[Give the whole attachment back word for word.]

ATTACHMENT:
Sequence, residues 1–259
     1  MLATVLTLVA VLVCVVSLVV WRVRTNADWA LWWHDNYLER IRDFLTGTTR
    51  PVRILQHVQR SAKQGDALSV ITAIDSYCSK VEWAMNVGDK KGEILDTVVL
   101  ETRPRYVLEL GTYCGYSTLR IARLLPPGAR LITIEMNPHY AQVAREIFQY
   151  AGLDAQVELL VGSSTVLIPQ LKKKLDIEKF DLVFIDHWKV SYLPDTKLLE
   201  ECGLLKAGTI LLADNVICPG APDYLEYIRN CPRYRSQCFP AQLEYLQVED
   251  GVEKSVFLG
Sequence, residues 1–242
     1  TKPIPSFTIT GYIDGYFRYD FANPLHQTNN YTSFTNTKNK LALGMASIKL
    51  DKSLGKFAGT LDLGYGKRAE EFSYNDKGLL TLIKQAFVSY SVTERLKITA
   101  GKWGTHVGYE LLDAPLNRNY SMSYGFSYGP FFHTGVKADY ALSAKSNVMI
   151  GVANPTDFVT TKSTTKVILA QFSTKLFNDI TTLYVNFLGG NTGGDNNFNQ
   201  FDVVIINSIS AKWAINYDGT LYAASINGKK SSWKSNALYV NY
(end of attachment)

Sequence, residues 1–259
     1  MLATVLTLVA VLVCVVSLVV WRVRTNADWA LWWHDNYLER IRDFLTGTTR
    51  PVRILQHVQR SAKQGDALSV ITAIDSYCSK VEWAMNVGDK KGEILDTVVL
   101  ETRPRYVLEL GTYCGYSTLR IARLLPPGAR LITIEMNPHY AQVAREIFQY
   151  AGLDAQVELL VGSSTVLIPQ LKKKLDIEKF DLVFIDHWKV SYLPDTKLLE
   201  ECGLLKAGTI LLADNVICPG APDYLEYIRN CPRYRSQCFP AQLEYLQVED
   251  GVEKSVFLG
Sequence, residues 1–242
     1  TKPIPSFTIT GYIDGYFRYD FANPLHQTNN YTSFTNTKNK LALGMASIKL
    51  DKSLGKFAGT LDLGYGKRAE EFSYNDKGLL TLIKQAFVSY SVTERLKITA
   101  GKWGTHVGYE LLDAPLNRNY SMSYGFSYGP FFHTGVKADY ALSAKSNVMI
   151  GVANPTDFVT TKSTTKVILA QFSTKLFNDI TTLYVNFLGG NTGGDNNFNQ
   201  FDVVIINSIS AKWAINYDGT LYAASINGKK SSWKSNALYV NY